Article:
Not knowing what to do with the CSA's hot pepper offering? Why not save them?
Most small hot peppers have thin walls, which makes them excellent candidates for drying. As long as the peppers are botanically mature (evidenced by fully-formed beige seeds inside), they can be dried even if they have not yet changed to red. Drying peppers indoors is a simple matter of stringing whole peppers together by passing a needle and thread through their green caps, and hanging them in a warm, well-ventilated space for about two weeks. It’s a good idea to finish drying peppers in a warm oven for about 30 minutes before packing them away in airtight jars.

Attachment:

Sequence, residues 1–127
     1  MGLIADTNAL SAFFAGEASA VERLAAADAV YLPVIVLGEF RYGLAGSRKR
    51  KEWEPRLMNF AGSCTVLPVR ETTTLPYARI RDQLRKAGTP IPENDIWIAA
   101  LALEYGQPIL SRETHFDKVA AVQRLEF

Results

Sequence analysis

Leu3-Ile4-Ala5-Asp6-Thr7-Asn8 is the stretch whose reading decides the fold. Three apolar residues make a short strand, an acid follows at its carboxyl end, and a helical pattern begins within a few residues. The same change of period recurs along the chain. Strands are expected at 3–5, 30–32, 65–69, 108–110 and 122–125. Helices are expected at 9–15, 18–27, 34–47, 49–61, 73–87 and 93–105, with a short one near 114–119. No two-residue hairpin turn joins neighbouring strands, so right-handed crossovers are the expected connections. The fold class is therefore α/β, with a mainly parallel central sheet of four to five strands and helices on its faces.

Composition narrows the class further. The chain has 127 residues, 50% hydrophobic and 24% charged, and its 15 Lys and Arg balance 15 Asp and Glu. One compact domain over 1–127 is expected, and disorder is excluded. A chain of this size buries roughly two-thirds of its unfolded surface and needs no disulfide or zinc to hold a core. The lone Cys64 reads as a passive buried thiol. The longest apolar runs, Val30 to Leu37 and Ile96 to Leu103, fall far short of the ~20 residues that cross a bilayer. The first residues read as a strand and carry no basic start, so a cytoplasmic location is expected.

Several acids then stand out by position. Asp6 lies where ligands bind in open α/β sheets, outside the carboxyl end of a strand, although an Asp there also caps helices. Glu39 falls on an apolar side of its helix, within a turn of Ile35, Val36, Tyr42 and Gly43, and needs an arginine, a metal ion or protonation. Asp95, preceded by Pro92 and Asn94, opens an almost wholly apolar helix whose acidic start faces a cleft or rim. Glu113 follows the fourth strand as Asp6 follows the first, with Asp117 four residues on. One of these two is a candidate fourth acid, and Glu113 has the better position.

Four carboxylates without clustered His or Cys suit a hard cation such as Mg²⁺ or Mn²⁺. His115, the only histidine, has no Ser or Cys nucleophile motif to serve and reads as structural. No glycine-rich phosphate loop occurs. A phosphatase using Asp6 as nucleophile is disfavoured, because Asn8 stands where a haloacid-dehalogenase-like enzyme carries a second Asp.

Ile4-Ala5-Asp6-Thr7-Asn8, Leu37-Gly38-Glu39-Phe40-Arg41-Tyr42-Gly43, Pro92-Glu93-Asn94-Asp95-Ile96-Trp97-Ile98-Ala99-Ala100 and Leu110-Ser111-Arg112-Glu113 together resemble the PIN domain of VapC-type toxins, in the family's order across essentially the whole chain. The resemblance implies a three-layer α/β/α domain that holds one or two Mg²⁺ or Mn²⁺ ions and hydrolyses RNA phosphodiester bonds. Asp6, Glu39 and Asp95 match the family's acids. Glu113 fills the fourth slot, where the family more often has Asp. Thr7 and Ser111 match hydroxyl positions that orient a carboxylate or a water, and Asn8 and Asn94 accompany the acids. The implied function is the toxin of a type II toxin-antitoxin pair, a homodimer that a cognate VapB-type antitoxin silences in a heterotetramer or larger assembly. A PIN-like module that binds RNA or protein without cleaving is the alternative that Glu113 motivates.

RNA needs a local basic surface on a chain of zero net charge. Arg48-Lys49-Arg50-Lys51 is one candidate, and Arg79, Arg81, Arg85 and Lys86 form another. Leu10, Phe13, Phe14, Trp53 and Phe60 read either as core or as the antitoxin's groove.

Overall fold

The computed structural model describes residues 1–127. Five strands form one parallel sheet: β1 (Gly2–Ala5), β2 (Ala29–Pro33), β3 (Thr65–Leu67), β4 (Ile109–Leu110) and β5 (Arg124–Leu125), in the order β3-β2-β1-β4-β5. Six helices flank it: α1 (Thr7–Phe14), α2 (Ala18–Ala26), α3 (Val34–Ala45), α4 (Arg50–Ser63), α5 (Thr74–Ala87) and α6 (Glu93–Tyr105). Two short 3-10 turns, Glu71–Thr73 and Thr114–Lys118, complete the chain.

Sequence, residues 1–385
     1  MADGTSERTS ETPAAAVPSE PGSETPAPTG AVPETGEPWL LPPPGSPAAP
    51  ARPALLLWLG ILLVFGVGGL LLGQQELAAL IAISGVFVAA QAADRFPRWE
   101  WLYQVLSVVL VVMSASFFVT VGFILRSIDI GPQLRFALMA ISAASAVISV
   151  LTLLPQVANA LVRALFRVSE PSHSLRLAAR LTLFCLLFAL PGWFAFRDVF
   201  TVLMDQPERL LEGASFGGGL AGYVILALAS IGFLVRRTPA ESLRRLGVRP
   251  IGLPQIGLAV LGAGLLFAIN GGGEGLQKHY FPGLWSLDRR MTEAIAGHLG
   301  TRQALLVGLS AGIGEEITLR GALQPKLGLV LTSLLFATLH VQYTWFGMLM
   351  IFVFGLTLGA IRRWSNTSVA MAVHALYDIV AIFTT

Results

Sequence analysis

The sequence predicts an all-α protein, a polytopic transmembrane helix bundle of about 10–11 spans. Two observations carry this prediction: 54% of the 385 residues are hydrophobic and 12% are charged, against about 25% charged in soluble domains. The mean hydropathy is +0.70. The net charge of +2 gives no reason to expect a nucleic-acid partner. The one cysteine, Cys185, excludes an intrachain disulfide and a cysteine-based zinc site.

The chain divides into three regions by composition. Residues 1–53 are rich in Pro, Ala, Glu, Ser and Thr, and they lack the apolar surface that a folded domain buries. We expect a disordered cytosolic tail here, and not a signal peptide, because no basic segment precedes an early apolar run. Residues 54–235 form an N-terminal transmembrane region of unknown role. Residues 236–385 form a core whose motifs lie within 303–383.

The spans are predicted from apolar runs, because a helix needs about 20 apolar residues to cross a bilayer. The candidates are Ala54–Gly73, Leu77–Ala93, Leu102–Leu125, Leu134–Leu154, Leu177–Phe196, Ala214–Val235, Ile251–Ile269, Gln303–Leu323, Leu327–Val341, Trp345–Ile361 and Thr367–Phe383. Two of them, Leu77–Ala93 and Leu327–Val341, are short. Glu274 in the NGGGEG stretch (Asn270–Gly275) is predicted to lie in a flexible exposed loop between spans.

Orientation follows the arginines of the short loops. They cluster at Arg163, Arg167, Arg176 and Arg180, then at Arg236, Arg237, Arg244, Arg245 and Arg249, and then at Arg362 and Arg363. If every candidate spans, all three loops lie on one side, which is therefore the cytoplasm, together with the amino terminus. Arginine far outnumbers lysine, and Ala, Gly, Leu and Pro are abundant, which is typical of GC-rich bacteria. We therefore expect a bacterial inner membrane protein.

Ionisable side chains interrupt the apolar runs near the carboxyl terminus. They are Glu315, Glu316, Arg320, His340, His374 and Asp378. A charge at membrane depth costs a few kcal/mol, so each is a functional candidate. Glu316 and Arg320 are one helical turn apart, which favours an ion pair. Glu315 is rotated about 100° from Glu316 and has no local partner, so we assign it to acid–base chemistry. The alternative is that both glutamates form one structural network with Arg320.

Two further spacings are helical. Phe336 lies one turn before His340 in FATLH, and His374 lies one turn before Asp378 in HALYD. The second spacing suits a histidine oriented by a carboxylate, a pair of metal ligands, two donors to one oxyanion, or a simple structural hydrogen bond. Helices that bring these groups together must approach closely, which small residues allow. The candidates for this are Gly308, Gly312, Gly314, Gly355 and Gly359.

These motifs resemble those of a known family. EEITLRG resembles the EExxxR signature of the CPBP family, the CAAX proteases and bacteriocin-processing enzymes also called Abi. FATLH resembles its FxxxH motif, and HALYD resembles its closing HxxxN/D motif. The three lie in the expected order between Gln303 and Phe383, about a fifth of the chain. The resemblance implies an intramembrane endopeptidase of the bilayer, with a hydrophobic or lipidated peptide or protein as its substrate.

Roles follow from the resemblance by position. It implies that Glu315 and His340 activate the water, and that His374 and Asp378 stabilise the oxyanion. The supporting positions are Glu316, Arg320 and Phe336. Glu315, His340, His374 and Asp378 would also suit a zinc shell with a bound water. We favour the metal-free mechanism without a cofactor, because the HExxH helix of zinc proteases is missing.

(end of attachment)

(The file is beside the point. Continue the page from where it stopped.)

Alternatively, you can split peppers in half for drying in a dehydrator. Be sure to wear protective gloves when cutting hot peppers, and turn on a fan to ensure good air circulation.
When dry to almost crisp, hot peppers can be pulverised into hot pepper flakes in a food processor, or steeped in vinegar to make a hot pepper sauce for sprinkling over cooked greens and other veggies.
Dried hot peppers are also great for making homemade chilli paste. To make the best chilli paste you’ve ever eaten, place a few dried hot peppers in a dry pan, and toast them over medium-high heat, stirring constantly, for four to five minutes. Then cover with warm water for an hour. Add some salt and a couple of cloves of finely minced garlic, pulverise into a paste, and you have the condiment that has made Szechwan food famous. It’s one of the best reasons I know for learning how to preserve peppers.